5 Romantic and Meaningful Wedding Ceremony Readings About Love

wedding ceremony readings

If you’re looking for some inspiration for your wedding ceremony readings, you’ve come to the right place. As a wedding videographer, I’ve had the privilege of witnessing some of the most beautiful, heartfelt, and memorable readings ever spoken.

Whether they are spiritual, literary, humorous, or personal, wedding ceremony readings can add a touch of magic to your special day and express your love in words that resonate with you and your guests.

Below I’m going to share with you some of the best wedding ceremony readings I’ve filmed over the years. You’ll find a variety of styles, themes, and sources to suit your preferences and personality. From classic novels to modern poetry, there’s something for everyone in this collection.

So sit back, relax, and enjoy these wonderful words of love and wisdom that will make your ceremony unforgettable.

1. He’s Not Perfect by Bob Marley

He’s Not Perfect by Bob Marley

“He’s not perfect. You aren’t either, and the two of you will never be perfect.”

“But if he can make you laugh at least once, causes you to think twice, and if he admits to being human and making mistakes, hold onto him and give him the most you can. He isn’t going to quote poetry, he’s not thinking about you every moment, but he will give you a part of him that he knows you could break.”

“Don’t hurt him, don’t change him, and don’t expect for more than he can give. Don’t analyse. Smile when he makes you happy, yell when he makes you mad, and miss him when he’s not there. Love hard when there is love to be had.”

“Because perfect guys don’t exist, but there’s always one guy that is perfect for you.”

Related Article: Creative Ways to Turn Your Wedding Vows into Beautiful Keepsakes

2. The Art of Marriage by Wilferd Arlan Peterson

The Art of Marriage by Wilfred Arlan Peterson

“The Art of Marriage” by Wilferd Arlan Peterson is a timeless and heartfelt poem that beautifully encapsulates the essence of a successful and fulfilling marriage. Originally published in the 1950s, this poetic piece has touched the hearts of countless couples around the world. Offering profound insights into the nature of love and commitment.

Happiness in marriage is not something that just happens.
A good marriage must be created. In marriage, the little things are the big things.
It is never being too old to hold hands.
It is remembering to say “I love you” at least once a day.
It is never going to sleep angry.

It is at no time taking the other for granted; the courtship should not end with the honeymoon, it should continue through the years.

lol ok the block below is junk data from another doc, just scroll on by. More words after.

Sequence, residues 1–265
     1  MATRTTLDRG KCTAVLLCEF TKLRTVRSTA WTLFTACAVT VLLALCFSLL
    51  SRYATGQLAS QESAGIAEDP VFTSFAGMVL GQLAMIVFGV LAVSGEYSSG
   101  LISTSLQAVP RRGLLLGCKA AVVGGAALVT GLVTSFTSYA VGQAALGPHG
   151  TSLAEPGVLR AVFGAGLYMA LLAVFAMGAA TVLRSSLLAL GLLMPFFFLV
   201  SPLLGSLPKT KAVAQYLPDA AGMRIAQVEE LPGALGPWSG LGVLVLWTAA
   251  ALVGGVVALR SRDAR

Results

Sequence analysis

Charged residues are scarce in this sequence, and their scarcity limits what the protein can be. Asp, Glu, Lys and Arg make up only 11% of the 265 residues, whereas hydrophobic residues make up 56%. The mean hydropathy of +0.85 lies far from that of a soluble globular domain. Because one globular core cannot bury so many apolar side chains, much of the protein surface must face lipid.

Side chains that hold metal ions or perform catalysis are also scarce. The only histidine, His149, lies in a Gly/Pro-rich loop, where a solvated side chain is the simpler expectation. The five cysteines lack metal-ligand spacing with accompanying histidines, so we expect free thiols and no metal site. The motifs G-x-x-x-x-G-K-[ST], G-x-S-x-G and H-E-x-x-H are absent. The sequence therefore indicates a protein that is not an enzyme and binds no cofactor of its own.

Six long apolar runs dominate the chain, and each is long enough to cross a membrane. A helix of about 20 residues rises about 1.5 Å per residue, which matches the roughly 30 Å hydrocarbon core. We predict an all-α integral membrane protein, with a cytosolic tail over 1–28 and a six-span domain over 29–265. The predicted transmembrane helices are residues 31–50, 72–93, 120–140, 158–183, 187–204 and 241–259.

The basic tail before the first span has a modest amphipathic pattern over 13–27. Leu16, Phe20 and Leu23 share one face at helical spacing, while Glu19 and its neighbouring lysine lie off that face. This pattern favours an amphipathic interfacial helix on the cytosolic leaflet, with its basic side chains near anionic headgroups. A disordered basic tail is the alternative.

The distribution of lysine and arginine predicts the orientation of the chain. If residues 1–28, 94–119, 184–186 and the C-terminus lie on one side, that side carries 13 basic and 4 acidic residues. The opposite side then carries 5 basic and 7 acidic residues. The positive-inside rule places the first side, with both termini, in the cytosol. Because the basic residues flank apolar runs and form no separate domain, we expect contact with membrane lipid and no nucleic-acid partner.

It is having a mutual sense of values and common objectives.
It is standing together facing the world. It is forming a circle of love that gathers the whole family.
It is doing things for each other, not in the attitude of duty or sacrifice, but in the spirit of joy.
It is speaking words of appreciation and demonstrating gratitude in thoughtful ways.
It is not looking for perfection in each other.

It is cultivating flexibility, patience, understanding and a sense of humour.
It is having the capacity to forgive and forget.
It is giving each other an atmosphere in which each can grow old.
It is a common search for the good and the beautiful.
It is establishing a relationship in which the independence is equal, dependence is mutual and the obligation is reciprocal.

It is not only marrying the right partner; it is being the right partner.

Venue: Intercontinental Sanctuary Cove Resort

3. Union by Robert Fulghum

“Union” by Robert Fulghum has earned its popularity among cherished wedding ceremony readings for its profound and timeless message. This heartfelt piece beautifully encapsulates the essence of love and partnership.

It reminds couples that a successful marriage is not just about grand gestures or epic adventures but is often found in the simple, everyday moments of life. Sharing laughter, tears, and the small, ordinary tasks that make up the fabric of a relationship.

“You have known each other from the first glance of acquaintance to this point of commitment. At some point, you decided to marry. From that moment of yes to this moment of yes, indeed, you have been making commitments in an informal way.”